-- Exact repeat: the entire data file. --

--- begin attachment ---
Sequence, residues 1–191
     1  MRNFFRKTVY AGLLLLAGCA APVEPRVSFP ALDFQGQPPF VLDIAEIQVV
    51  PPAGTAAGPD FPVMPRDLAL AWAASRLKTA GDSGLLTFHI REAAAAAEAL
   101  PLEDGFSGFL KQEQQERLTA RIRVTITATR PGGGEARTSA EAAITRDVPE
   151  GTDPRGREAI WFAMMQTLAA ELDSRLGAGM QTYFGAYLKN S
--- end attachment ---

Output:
Sequence, residues 1–191
     1  MRNFFRKTVY AGLLLLAGCA APVEPRVSFP ALDFQGQPPF VLDIAEIQVV
    51  PPAGTAAGPD FPVMPRDLAL AWAASRLKTA GDSGLLTFHI REAAAAAEAL
   101  PLEDGFSGFL KQEQQERLTA RIRVTITATR PGGGEARTSA EAAITRDVPE
   151  GTDPRGREAI WFAMMQTLAA ELDSRLGAGM QTYFGAYLKN S